Master of the Forest

For some reason, despite record setting and oppressive temperatures over the weekend, my friends managed to talk me into not one, but two trail rides.  And despite my inner voice screaming that my own horse hasn’t had enough work recently, I decided to take Mikey on both of them.  After all, he has to get out.  And there’s so much you can teach on trailrides that isn’t as boring as ring work, right?

Saturday we went out with two friends, one on her 18.2 hand Belgian and the other on her Chincoteague pony.  One of the first things I learned about Mikey is that he has not lost his competitive edge.  Within moments, it was obvious that he did NOT want to be last in line.  While the leader of the group spooked at an overturned chair next to the ring, Mike took the opportunity to pass, giving the chair a healthy hairy eyeball but not breaking stride in the slightest.  Once in front he marched along quite happily as if he’d been going on trail rides his whole entire life.

The only thing he had trouble with was areas of very wet, deep footing.  The first time through one of those sections (at a creek crossing) we had to stop and let the other horses go in front of us, at which point he continued (very carefully) through the mud and had no trouble with the creek crossing.  Later he would encounter several more spots with trappy footing or otherwise scary stuff, but he was very smart about everything and when in doubt, would follow the other horses.  I never had to get after him about anything, he just needed to think it through.

He also had no trouble with several large logs that had fallen down, stepping over everything very easily.  We trotted and cantered in the group, usually in front, and he came back easily every time.   When we got to the big “galloping field” he did have a good time going up the hill, but never really got rolling or was difficult to slow down.  He seems happiest when he’s in front, but I had no trouble bringing him back either.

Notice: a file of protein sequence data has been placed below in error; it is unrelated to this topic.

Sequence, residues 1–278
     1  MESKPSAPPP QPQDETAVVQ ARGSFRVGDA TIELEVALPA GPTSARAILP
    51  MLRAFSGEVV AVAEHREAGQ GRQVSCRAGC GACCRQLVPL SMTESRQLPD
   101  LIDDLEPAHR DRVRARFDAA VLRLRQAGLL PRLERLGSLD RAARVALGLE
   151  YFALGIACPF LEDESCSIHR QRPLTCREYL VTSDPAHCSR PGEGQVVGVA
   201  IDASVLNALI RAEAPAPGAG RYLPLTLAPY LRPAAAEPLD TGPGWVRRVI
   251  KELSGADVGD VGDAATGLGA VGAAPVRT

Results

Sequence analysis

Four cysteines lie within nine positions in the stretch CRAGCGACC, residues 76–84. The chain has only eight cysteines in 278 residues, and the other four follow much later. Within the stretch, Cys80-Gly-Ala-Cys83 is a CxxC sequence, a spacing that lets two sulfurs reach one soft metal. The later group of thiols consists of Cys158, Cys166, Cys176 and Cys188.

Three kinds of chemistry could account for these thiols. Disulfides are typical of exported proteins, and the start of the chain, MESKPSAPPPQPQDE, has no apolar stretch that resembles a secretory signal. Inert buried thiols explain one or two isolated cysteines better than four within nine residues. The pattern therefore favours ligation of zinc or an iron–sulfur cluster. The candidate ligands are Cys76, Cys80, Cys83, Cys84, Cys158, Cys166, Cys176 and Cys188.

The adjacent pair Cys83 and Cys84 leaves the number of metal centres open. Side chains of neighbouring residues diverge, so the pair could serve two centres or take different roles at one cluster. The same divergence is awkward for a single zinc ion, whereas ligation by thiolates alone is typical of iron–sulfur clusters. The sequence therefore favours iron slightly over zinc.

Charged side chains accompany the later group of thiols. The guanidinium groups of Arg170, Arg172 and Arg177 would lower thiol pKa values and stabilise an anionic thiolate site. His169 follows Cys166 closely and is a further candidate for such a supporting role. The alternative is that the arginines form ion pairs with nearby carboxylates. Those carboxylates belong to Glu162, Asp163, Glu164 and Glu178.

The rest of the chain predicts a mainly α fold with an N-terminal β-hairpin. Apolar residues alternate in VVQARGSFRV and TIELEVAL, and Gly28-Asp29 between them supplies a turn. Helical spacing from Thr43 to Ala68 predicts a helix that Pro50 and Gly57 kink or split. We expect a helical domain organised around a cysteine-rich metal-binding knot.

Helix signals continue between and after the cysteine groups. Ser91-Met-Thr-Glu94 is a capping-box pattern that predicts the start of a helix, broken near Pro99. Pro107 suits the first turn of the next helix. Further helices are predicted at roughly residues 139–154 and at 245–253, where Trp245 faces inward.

98% of the ride was on the buckle, and he never once spooked at anything.  Good boiiieee!!!!!

Sunday we went with a larger group, and two things became apparent – 1) he doesn’t HAVE to lead alllll the time and 2) he learns quickly.  Everything that was even slightly an issue on Saturday he had zero trouble with Sunday.  He even stopped to play in the water at one point, and was enjoying himself enough I was a little worried he’d try to roll on me. 

He did feel, several times, like he may have been a little footsore.  He takes great care to skirt trails with rocky footing (at the expense of my face and legs), and is extremely careful with his feet when the rocky parts can’t be avoided.  I picked up some keratex over the weekend, as it’s a favorite product for toughening feet, and hopefully that (plus added fitness and flexibility) should help him out.  But because of his past injury, I’m tending towards being paranoid about it and keeping a very close eye on how he’s going.

While at the tack store I also grabbed a cheap, yet adorable, Western headstall for him.  It has shiny buckles with a barbed wire pattern, and one of those sliding ear things.   It makes me very, very happy.  For some reason I can’t resist dressing him up (much the same way I felt with Rosey!).

I did manage to snag a few pics yesterday, which I should have up tomorrow or later in the week.  We are such an adorable mishmash – very light western saddle, dark english snaffle bridle, ear net, and me in cowboy boots, jeans, and my velvet Charles Owen helmet. 

I know y’all are jealous. 🙂


3 responses to “Master of the Forest

  1. Awesome- glad you had a good ride. You should join the Mount Airy Saddle Pals and come on some of our rides.
    Kathy C.

    • I might have to do that! I’m also thinking of entering him in the 8-15 ACTHA ride in Glen Arm. A bit of a hike but it might be fun!

  2. Natalie Keller Reinert

    Oh. A barbed wire motif bridle.

    You had me up until then 🙂

    Sounds like FUN! I wish we had some woods to hack the racehorses in. The only thing Saratoga had that I was jealous of – some tree-filled areas where you could ride around, get them off the track for a little while.

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